NOVAK: Saudi Arabia. It really is!

NADER: Oh really?


NADER: Saudi Arabia has over 250 billion barrels of reserves so far.

NOVAK: I want show you...

NADER: This is fiction!

NOVAK: I want to show you an ad that's more accurate than the one that Bill showed. This is put on by the Arctic Power Energy Stewardship Alliance, which is a nice name, and let's put that on.


NARRATOR: Twenty years ago, Congress set aside a small part of Alaska to provide for our energy security. Geologists report it could be the largest supply of oil ever discovered in America.

We can balance our need for energy and our concern for the environment. That's why 75 percent of Alaskans support energy exploration in ANWR.


NOVAK: So, is it -- are you more interested in fuzzy animals than people?

NADER: I'm more interested in future generations being able to enjoy a rare wilderness areas, number one, and that involves preserving this little area.

You know, the biggest source of fuel in this country is right in Detroit. One mile per gallon, efficiency upgrade, for the motor vehicles that are rolling off those production lines, and that would replace the most optimistic findings of oil in ANWR.

NOVAK: I want to ask you one more question. You know, Bill was -- I thought Bill was going to come out and attack the administration for receiving all the money from the energy...


NOVAK: ... there's no time, but let me just say, I can't understand the whining that goes on by the environmentalists when during the last campaign, the environmentalists contributed $1.2 million to the Democrats and 97,000 to the GOP. Payback time, isn't it, against those people? They work for the other side!

NADER: Are the Republicans that petty? They jeopardize adults and children in this country to more toxics?

NOVAK: Well, it's politics! You understand politics.

NADER: To destruction of the federal forests? To arsenic? To carbon dioxide?

NOVAK: That's ridiculous. Oh, come on.

NADER: You know something, this is serious information gap in this administration. And we really have more debates at the national press club...

PRESS: We will have more debates, I promise you, but this one is over. Senator Bond, thanks so much for coming in -- I can see you were ready to jump in there.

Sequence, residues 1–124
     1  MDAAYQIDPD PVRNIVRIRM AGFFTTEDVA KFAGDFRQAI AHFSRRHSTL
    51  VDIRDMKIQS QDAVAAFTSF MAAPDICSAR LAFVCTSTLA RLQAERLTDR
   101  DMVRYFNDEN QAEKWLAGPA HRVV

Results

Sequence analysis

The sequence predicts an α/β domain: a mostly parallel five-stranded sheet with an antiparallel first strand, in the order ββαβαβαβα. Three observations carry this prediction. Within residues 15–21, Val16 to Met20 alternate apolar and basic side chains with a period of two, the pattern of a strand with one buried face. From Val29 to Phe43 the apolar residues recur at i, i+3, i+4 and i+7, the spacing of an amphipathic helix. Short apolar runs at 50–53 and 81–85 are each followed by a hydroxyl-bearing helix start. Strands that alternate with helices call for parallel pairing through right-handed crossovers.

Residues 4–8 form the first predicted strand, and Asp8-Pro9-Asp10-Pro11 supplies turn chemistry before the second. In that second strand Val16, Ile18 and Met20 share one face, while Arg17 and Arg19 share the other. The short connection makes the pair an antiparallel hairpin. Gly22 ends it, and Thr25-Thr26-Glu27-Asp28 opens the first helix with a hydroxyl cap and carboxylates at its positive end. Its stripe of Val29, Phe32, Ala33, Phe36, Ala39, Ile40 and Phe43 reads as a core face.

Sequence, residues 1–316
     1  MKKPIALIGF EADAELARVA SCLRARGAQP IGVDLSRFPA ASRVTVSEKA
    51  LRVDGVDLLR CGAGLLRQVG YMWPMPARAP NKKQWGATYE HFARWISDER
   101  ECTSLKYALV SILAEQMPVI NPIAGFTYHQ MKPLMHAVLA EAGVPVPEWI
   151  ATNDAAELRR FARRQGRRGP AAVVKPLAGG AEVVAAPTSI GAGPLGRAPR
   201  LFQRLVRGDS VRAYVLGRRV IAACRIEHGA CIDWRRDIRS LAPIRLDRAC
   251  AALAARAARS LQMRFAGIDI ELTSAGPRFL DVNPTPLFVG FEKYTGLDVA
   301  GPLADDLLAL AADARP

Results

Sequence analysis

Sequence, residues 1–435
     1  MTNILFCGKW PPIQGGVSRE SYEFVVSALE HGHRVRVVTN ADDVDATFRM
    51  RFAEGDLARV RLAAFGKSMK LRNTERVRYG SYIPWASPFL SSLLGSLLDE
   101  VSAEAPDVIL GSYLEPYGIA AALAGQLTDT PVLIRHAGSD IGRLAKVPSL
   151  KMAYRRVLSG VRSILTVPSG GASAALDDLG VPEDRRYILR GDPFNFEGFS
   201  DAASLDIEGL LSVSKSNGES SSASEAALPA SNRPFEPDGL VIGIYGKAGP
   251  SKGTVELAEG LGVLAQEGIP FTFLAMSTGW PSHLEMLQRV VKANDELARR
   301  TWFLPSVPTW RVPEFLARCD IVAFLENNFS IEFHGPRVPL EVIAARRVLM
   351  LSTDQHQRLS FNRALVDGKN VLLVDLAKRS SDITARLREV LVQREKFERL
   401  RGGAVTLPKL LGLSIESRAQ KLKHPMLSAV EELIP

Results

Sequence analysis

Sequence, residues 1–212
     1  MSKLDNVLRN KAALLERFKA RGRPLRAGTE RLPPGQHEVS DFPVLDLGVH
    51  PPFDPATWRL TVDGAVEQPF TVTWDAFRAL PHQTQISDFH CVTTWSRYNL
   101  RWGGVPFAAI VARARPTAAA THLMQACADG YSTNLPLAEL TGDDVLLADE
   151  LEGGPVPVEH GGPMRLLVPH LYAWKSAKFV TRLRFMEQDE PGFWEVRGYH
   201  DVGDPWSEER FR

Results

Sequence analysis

PRESS: Thank you for coming back here to CROSSFIRE, Ralph Nader, we will have you both back to debate energy and the environment.

Bob Novak and I will be back with closing comments and our solution to the energy crisis. We will be right back.


PRESS: Bob, you know, I've been working on these environmental issues for 30 years, starting in California. I have to tell you, in all that time, Bob, I never met one person who said I need more arsenic in my drinking water. Even you have to admit that is extreme for Bush!

NOVAK: Well, that's silly and you know it, but...

PRESS: Do not!

NOVAK: But let me ask you this, are you ready now, Bill, to admit that we have now to solve our energy problem a clean, efficient, 21st century kind of power -- nuclear power, it's a time for the nukes. Are you ready to admit that?

PRESS: I am not going to admit it until you tell me what you are going to do with the nuclear waste, and what you're going to do with all the people who have cancer because of exposure to nuclear power.

NOVAK: I will tell you next week, but you are an eco-extremist, you know that?

PRESS: I'm proud of it!

From the left, I'm Bill Press. Good night from CROSSFIRE.

NOVAK: From the right, I'm Robert Novak. Join us again next time for another edition of CROSSFIRE.